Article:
The new Seiko SLA033 has been one of the most anticipated and talked about watches of Baselworld 2019, up there with the Tudor Black Bay P01. It is undeniable that Seiko has more memorable divers per square metre – and price segment – than any other company (just head to the Seiko microsite on MONOCHROME to confirm my assertion). And not as a result of a well-planned marketing campaign but thanks to word to mouth, which is how fame is truly consolidated. At Baselworld 2019, Seiko took the decision to create yet another famous dive watches (after the SLA017 and the SLA025), with the 1970 Diver’s Re-Creation SLA033.
Among these iconic watches is the “Captain Willard”, the Seiko 6105, which occupies the highest echelon of Seiko divers, and of dive watches in general. Produced from 1968 onwards, with a water-resistance of 150 metres, what caught everybody’s eye was the crown positioned at 4 o’clock (which was, in fact, used for the first time in the 1961 Seiko Silver Wave) and the big, gumboil-looking lower crown protector (the predecessor of the popular Turtle shape divers, like this one). The Seiko SLA033 recreates the 6105, so let’s take a look at the history of the model.
TESTED IN REAL LIFE
Naomi Uemura was a very popular Japanese adventurer, well respected for having achieved solo feats that up to that moment had only been accomplished by large teams. For instance, he undertook a one-man dog-sledge run from Greenland to Alaska, a journey of 12,000 km that took 18 months. He was the first to reach the North Pole alone. He was also the first to descend the Amazon river in a boat, and the first to ascend the North American Denali Mountain in winter – the third most prominent and solitary peak of the world. It was there where he disappeared when he was only 43 years old.
“In all the splendour of solitude, it is a test of myself, and one thing I loathe is to have to test myself in front of other people,” said Uemura. That was the reason why he undertook everything alone, a reason that unfortunately also deprived him of the help he needed at his most desperate moment. The reason I have been talking about Naomi Uemura’s exploits is that he was wearing a 6105. Not as part of a marketing campaign orchestrated by Seiko. It was just a watch that was robust, reliable and durable enough to accompany Uemura on his travels.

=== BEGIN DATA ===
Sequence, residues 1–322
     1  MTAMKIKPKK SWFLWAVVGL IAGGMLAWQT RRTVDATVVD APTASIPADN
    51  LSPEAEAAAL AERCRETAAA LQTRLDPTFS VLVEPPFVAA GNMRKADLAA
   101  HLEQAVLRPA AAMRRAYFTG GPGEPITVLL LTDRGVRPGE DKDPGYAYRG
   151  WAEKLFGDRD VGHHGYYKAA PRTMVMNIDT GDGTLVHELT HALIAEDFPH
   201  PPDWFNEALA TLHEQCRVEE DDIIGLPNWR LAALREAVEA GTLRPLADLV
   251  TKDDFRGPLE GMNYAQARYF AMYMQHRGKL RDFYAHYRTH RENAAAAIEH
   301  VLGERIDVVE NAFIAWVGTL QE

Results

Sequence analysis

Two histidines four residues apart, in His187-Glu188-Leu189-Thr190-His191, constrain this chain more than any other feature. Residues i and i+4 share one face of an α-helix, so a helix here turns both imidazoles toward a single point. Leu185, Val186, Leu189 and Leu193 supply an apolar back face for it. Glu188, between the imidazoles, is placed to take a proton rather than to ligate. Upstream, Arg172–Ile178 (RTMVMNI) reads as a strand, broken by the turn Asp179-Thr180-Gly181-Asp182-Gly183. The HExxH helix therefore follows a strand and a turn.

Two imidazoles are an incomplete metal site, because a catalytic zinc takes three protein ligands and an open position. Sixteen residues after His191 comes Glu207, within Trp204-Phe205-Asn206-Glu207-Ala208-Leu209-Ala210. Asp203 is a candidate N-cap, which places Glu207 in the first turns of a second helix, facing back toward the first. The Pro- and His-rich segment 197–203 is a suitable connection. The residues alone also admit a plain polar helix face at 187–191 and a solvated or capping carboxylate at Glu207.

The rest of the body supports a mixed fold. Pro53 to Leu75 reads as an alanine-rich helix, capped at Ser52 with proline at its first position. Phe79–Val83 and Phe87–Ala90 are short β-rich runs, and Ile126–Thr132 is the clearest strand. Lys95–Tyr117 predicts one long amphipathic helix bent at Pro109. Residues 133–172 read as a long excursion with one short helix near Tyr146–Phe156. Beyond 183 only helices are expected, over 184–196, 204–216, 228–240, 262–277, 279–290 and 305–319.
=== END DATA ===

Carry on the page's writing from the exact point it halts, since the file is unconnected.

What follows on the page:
Despite Uemura’s heroic deeds, and even having a museum in Tokyo dedicated to him, the fame of the 6105 comes from fiction: it was the watch Captain Willard wore in the masterpiece Apocalypse Now. Not just a fancy prop, the watch actually portrayed a real wartime situation; the 6105 was sold in Asia during the Vietnam conflict and American soldiers had better -and cheaper- access to it than locals because they paid in dollars.
The watch earned a solid reputation among the ranks for being a sturdy piece of equipment, to the point of becoming one of the favourites among the soldiers. When the soldiers returned to civilian life, so did the watch. Appearing throughout the movie on Captain Willard’s (Martin Sheen) wrist, the watch became an icon. The irony is that 6105 had gone out of production in 1977, two years before the movie hit cinemas around the world. The cry for a re-edition increased notably with the re-release of the movie in 2001 (known as Apocalypse Now Redux). And Seiko has taken its own sweet time to please its fans.
Like the Seiko Prospex Diver 300m Hi-Beat SLA025, Seiko has respected the original dial and has not added the ProsPex logo (which, let’s be honest, does not get much love from the fans). The case has grown up to 45mm in diameter and 13 mm in height. The polished and satin-finished steel has a “super-hard” coating (no info on that, sorry) and a dual-curved sapphire glass with anti-reflective coating (a clear improvement from the original Hardlex glass).
The watch is water-resistant to 200 metres and it is equipped with a screw-down crown. By the way, the crown has kept the “Lock ->” indication that appeared on the original 6105. It adds a vintage touch to the watch (and looks cool). The upper part of the bezel has been polished with the Zaratsu technique. That means mirror-polished surfaces that reflect no distortion at all, where a straight line is always straight, even at the edges. I have seen it done and it is one of the most time-consuming techniques applied to a simple steel case. It is also a source of pride for Seiko, and with good reason.
The movement used is the 8L35, an automatic calibre that beats at 28.800 alt/hour during the 50 hours the power reserve lasts. This is a controversial movement because Seiko states it operates at a rate of -10/+15 seconds a day. While most owners report their watches run well within chronometer specs, some others say that their models perform at the manufacturer rates. I think that for a watch of this price the specs should be far tighter than they are, even if it is common knowledge that you can adjust these movements to virtually 0 loss/gain. And getting a motor that works fine should not be a gamble either. Mainly because Swiss competitors of far less rank have better-expected performances.
The Seiko SLA033 comes with a high-strength silicone strap (the original was in PVC) and it is a limited edition of 2,500 units. For the price, EUR 4,350, you get an excellent diver and an icon that will be hard to get your hands on once they go on sale – which is going to happen pretty fast. Still, as with the SLA017 and the SLA025, this price segment is tough and Seiko is here competing with Swiss heavyweights. More information at Seiko.com.